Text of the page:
Edmond Rochat’s portrait of the architectural historian and critic, Henry Hope Reed, appears in a reissue of Reed’s The Golden City. The book, first published in 1959, offers a “powerful polemic” that helped spur the passage of New York City’s Landmark Law of 1965, “one of the most important milestones in the preservation movement in the United States.”
Instructor Emerita Cornelia Foss has a solo exhibition of recent work opening August 22 at MM Fine Art (Southampton, NY). The show, which includes the painterly Sagg Beach, continues through September 6, 2020.
Wendy Shalen collaborated with fellow artist Celia Wedding on “Personalizing Your Sketchbooks,” an article published in the June 2020 issue of Watercolor Artist.
Bruce Dorfman is participating in an oral history project for the Norton Museum of Art (FL), describing his tenure as their school’s Guest Artist in Residence, 1962–64.
A one-hour instructional plein-air demonstration by Jerry Weiss, “Summer Greens: Starting a Plein Air with Jerry Weiss,” is now available for purchase from the Lyme Academy of Fine Arts.
This summer, Greg Wyatt, National Sculpture Society Fellow and Education Chair, organized and led a five-day workshop outside the Cathedral Church of St. John the Divine in upper Manhattan. At the event, co-sponsored with Jeffrey Spring of Modern Art Foundry, emerging artists received specialized instruction from sculpture professionals in an outdoor workshop setting surrounding the Peace Fountain on the Cathedral grounds. Three League students, Kristina Kossi, Jeanette Farrow, and Francis Nguyen, were scholarship participants in the program.
“Jack Faragasso: I Have Always Tried to Make My Paintings Have Feeling” is an in-depth interview with the ninety-one-year-old Instructor Emeritus posted on The Rebel Taste. Faragasso discusses the influence of League instructors Frank J. Reilly and Frank Vincent DuMond, photographing 1950s pinup Bettie Page, and creating cover art for mass market paperbacks. The post also includes a video and four digital galleries that offer a well-rounded survey of Faragasso’s portraits and landscapes as well as his covers for science fiction and romance titles. In addition, Faragasso’s Mastering Drawing the Human Figure: From Life, Memory, and Imagination has just been reissued by Dover Press.
Yasumitsu Morito is one of thirty-eight artists represented in Recent Works by Elected Sculptor Members, a digital exhibition on the National Sculpture Society website. The online gallery features pieces in the round and in relief, bronzes fresh from the foundry, and designs for sculptures yet to be realized. In addition to Morito’s ceramic Untitled (Mother and Child on Cloud) is a watercolor by Instructor Emeritus Richard Barnet.
Dean Hartung is currently at work on mural designs for a yet-to-be-built New Jersey Transit station.
Manhattan Chief of Recreation Kim McNeal dropped in on a Seeds of the League workshop at the Jacob H. Schiff Playground in Harlem on July 30 where Seeds instructor Ian Gabriel was teaching a lesson on how to create monochrome landscapes in watercolor. McNeal expressed her thanks to Board President Robin Frank and Director of Community Programs Denise Greene for the ongoing collaboration with Seeds. As NYC Park’s sole visual arts partner, Seeds of the League brings high-quality art instruction into low-income neighborhoods where few or no visual art activities are offered. Seeds workshops are happening in parks across all five boroughs this summer. Find out more about upcoming Seeds workshops in NYC Parks and Seeds of the League scholarships for high school students.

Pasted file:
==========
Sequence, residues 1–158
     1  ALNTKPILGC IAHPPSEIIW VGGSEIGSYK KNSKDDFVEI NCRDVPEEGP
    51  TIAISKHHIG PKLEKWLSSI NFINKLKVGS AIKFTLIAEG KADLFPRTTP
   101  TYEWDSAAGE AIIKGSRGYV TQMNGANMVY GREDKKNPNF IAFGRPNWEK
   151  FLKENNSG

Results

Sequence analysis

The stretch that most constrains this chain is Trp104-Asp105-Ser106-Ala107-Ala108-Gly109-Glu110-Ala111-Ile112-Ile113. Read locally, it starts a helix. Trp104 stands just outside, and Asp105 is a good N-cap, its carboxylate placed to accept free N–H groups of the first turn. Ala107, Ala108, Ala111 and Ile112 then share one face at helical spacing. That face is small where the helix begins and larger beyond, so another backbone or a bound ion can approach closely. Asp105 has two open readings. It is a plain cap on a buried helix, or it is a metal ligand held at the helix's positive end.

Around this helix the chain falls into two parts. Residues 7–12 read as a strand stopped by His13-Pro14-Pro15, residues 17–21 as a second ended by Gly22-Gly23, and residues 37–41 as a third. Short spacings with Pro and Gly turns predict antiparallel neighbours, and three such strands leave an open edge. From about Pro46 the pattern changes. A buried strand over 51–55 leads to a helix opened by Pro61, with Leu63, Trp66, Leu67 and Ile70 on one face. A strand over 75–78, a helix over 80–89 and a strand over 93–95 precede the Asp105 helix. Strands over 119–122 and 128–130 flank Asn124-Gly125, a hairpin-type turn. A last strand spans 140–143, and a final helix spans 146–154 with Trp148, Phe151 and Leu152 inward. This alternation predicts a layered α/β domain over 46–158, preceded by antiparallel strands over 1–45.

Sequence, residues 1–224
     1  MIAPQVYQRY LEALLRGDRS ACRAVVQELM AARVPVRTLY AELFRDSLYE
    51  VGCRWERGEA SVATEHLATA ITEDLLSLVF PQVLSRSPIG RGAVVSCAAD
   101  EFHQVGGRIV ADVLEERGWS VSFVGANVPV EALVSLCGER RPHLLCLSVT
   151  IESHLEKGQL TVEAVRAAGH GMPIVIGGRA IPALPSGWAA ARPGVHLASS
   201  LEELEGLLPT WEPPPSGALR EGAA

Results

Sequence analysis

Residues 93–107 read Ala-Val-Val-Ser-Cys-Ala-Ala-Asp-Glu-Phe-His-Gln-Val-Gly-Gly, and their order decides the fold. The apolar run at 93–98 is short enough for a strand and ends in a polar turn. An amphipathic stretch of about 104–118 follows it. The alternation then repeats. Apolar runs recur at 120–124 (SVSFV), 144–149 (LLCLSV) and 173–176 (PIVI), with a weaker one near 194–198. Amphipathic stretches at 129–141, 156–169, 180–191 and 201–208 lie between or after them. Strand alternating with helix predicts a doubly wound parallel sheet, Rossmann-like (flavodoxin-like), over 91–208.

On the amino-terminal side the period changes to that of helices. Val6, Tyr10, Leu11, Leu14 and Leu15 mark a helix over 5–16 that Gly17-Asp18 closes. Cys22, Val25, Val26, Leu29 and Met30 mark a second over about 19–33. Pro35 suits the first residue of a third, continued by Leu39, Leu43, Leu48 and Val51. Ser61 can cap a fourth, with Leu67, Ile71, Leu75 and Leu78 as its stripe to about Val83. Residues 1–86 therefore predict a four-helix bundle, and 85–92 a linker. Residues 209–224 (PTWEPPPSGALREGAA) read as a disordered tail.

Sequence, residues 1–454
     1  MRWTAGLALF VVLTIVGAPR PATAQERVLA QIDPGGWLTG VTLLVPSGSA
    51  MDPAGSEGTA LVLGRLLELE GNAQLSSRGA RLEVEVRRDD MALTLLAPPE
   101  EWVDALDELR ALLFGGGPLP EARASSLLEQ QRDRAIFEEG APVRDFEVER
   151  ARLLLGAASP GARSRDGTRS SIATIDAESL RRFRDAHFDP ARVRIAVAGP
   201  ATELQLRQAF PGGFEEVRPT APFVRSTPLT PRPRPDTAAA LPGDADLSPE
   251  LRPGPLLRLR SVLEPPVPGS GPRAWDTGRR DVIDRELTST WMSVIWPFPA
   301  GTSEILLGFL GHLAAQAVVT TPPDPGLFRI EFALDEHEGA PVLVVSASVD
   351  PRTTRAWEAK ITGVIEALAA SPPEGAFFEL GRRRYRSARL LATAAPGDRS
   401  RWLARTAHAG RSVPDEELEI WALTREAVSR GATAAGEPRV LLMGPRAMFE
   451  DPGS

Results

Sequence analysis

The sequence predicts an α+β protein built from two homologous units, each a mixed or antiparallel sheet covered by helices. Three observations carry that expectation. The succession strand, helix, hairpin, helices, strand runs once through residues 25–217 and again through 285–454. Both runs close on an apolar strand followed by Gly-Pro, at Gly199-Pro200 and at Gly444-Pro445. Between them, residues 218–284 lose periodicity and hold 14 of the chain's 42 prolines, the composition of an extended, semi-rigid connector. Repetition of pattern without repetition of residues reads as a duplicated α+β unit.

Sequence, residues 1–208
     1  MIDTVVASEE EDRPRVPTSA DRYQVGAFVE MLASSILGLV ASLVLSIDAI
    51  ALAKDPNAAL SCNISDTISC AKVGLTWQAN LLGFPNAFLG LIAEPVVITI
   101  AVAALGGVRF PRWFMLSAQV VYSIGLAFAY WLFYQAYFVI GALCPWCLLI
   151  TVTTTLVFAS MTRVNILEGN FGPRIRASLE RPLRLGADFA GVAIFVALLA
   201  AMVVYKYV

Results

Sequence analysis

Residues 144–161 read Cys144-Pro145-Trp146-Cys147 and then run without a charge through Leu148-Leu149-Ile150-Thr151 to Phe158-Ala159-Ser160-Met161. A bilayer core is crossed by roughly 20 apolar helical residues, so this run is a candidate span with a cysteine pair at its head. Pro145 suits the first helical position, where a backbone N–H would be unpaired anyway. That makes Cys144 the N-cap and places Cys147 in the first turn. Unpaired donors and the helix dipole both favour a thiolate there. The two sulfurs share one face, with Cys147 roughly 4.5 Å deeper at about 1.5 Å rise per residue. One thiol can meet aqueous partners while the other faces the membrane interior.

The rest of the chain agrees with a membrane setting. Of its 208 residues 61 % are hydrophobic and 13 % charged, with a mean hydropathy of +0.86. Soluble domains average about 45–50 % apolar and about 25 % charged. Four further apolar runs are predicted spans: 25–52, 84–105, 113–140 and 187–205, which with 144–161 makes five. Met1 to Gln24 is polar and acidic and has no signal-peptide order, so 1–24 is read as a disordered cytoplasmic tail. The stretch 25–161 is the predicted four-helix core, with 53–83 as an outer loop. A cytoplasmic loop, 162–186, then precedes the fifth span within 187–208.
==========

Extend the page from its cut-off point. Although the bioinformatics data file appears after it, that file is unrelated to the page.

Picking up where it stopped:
“Squalid, dark, stuffy little rooms not fit for self-respecting young men and women to be herded together in” is how one writer described the Art Students League’s third residence, known as the Sohmer Building. The League moved into this former pianoforte factory in 1887, remodeling its top two floors to accommodate around 500 students. Consider how this nondescript utilitarian structure compared to the picturesque and dignified building of its nearby rival, the National Academy of Design. Theirs featured a “polychromatic herringbone brick and Gothic tracery drawn from the Doge’s Palace in Venice.” Its interiors were spacious, museum-like, and far less crowded.
Charles Courtney Curran’s An Alcove in the Art Students League offers a glimpse inside of the Sohmer, one of only a few visual records of the League in that space that survives. (The building was demolished in 1927.) A commissioned illustration, Curran’s painting was copied as a wood engraving by Jones Engber and then published as part of an article about art students in New York.
Curran draws the viewer’s attention to the center of the canvas where an archway frames a view of art students crowded into a studio. They are seated and standing, men and women side by side, illuminated by a skylight. Which class they were working in is unknown. But we can infer that it was not a life drawing class, since in this period, study from the nude was segregated by sex. It might have been an antique class or costume class, where students drew from a clothed model. In the painting’s dark foreground, assorted casts are silhouetted in profile, resting atop low painting racks, as two women draw from them. Within a canvas the size of a sheet of copy paper, Curran rendered fifteen students and eight casts, in addition to other details of the tightly-packed space: a makeshift partition separating one studio from another, a box of charcoal resting on a stool, framed reproductions hung around the archway.
When Curran returned to the Art Students League, in 1901, to teach drawing, the school had relocated to the American Fine Art Society building on West 57th Street, a larger, better-appointed quarters, though still guided by a spirit of improvisation.